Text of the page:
Thanks Glen but. I'm so cynical I make Chomsky sound like a PR man for
I've developed a different approach to all this. Had to when looking at the
research re Stargardt. Basically I look for synergies across
epidemiological, physiological, cellular, and hopefully biochemical studies.
Damn sight better than those bloody useless Cochrane reports, a 'gold
standard'of clinical practice.
Note I what I mentioned to Don earlier in that post:
I do not believe one can advise specific individuals on specfic levels for
supplements. Individual requirements can vary greatly and change according
to their state of health.
This is a big problem with health reporting. A few years ago, before my
vision collapsed(itself instructive lesson in the follies of clinicians,
they were looking in the wrong place) I was invited to help prepare material
for a health related website. As I ploughed through the literature I became
increasingly concerned about all this health news. I abandoned that project
but will pick it up again. With an entirely different focus. I'm currently
teaching myself web page design so I can use up the free web space available
through my ISP. A rather different focus: I'm going to have a section
entitled: "The Inconvenient Truth about Health News". Too much health
reporting and nutritional advice is just crap. As much as I dislike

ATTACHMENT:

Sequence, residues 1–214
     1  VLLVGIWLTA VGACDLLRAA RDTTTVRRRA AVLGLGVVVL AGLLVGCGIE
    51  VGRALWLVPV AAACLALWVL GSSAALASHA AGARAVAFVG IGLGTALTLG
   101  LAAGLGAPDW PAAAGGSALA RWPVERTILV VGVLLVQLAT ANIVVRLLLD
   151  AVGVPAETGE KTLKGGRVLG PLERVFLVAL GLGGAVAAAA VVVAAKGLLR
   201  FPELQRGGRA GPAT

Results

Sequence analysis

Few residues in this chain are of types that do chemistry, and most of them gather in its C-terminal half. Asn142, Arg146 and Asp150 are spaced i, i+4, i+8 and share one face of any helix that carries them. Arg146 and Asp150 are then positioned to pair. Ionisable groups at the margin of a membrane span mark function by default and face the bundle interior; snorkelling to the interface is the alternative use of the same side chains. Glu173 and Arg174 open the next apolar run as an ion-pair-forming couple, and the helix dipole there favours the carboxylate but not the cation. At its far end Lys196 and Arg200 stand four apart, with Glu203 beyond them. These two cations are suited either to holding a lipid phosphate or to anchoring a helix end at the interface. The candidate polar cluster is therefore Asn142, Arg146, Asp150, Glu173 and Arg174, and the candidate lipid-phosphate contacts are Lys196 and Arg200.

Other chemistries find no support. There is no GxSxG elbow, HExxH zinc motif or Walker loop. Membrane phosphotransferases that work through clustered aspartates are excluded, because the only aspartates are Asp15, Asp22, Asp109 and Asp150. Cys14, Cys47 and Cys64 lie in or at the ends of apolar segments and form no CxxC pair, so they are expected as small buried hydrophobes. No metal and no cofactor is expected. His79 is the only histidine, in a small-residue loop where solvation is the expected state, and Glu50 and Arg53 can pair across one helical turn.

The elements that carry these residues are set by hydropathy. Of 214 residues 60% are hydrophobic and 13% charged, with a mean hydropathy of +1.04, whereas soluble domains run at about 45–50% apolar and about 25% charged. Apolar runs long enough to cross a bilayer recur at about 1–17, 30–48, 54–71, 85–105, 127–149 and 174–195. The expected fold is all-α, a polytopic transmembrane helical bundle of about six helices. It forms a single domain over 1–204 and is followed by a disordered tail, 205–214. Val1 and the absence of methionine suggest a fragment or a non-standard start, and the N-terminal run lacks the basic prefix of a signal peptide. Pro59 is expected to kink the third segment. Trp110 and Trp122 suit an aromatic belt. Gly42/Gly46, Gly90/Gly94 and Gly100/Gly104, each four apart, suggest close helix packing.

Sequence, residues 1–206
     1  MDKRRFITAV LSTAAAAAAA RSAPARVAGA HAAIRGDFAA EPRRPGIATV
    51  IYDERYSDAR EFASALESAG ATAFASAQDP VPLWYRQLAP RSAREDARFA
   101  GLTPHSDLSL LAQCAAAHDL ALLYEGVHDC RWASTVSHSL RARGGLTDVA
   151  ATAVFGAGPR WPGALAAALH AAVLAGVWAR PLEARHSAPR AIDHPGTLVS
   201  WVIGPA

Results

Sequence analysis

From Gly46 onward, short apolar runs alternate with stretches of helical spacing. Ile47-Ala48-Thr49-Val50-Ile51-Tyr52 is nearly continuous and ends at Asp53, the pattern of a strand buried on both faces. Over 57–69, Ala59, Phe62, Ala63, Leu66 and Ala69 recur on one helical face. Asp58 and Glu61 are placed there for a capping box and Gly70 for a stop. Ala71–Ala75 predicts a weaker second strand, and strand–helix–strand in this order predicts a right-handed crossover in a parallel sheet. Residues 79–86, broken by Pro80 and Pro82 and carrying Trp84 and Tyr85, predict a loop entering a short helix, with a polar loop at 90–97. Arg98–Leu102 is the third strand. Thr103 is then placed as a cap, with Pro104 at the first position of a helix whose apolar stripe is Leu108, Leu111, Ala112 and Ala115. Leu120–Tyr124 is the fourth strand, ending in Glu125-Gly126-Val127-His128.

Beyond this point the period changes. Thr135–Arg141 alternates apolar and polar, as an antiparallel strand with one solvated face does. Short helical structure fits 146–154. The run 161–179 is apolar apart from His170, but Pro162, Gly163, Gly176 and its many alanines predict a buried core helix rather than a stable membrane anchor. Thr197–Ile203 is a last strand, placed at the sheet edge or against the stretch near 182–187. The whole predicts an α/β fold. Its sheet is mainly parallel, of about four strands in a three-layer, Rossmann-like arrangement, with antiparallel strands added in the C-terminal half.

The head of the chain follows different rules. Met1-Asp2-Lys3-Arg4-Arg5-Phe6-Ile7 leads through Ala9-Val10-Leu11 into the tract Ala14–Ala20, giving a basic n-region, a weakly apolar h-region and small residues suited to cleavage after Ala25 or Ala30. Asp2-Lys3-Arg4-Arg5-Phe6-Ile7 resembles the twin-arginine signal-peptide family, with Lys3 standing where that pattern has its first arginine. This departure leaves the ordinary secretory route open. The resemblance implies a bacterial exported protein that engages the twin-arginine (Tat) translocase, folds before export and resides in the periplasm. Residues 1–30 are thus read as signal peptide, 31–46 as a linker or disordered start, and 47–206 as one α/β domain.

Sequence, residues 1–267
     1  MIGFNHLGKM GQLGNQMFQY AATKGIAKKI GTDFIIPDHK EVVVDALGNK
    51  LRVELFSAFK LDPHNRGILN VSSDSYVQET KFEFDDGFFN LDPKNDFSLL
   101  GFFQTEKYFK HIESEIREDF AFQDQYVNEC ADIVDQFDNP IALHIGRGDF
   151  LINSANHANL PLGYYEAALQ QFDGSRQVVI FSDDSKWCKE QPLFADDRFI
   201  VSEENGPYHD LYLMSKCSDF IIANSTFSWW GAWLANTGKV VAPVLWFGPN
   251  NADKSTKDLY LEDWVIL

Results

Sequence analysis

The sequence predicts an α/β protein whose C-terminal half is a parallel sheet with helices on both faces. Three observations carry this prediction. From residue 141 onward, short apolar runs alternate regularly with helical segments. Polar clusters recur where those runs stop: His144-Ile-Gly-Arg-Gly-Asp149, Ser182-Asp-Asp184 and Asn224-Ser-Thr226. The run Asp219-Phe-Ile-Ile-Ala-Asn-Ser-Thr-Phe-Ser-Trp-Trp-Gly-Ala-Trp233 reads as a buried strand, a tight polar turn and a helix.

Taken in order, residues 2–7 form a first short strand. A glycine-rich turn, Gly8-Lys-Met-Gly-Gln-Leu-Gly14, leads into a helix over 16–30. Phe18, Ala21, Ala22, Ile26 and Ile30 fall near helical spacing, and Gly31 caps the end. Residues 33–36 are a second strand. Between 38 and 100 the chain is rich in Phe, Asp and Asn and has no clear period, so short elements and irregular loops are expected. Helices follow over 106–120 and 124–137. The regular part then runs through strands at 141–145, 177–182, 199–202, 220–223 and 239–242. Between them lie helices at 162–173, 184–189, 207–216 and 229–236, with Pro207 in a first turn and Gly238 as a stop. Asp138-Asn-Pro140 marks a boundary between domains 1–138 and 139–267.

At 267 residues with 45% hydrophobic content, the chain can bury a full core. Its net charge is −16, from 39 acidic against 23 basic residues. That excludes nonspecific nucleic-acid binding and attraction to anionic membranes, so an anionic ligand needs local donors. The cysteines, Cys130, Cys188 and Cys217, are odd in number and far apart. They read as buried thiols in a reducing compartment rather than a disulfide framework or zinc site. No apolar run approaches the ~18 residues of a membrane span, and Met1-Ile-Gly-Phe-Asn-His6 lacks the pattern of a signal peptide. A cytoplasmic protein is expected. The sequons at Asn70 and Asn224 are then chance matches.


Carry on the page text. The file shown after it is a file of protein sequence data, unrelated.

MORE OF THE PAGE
naturopathy I'll grant them this: they do treat their patients like
individuals, they do tailor their therapies to the individual not the latest
pamphlet from the drug company or editorial from a medical journal. Methods
are just methods and should never be a substitute for logic.
A while ago I posted this on a nutrition forum:
I do have some sympathy with Monty's view but the real problem is this:
we're individuals, individual nutritional requirements can vary manyfold.
Most studies are statistical based, most people simply don't understand how
shoddy statistical analyses can be. Experiment with diet, find out what
works for you, don't obsess about individual pieces of research otherwise
you'll go mad. When it comes to nutrition everyone likes to be an expert
about what I call the "statistical human being". Said creature does not
exist. You do, find out what works for you.
Couple of days ago I posted this on another forum.
The data on obesity isn't as clear cut as they would have us believe. You
get used to this with medical reporting, always changing their minds. When I
was a kid, eat meat, lots of red meat, its good for you. Then there came the
'epidemic' of heamachromatosis(iron overload). Then, don't eat fat, eat
carbs, then there came the diabetes epidemic(fat is not that bad you know),
prior to that they insisted sugar caused diabetes. Now the dumbass food
pyramid, now they have everyone playing suduko to ward off dementia(stupid
idea, it is *new* intellectual activities that make the difference), and
just today a report of massive vitamin D deficiency rates in this sunburnt
country because they kept telling us to stay out of the sun, the dumbasses.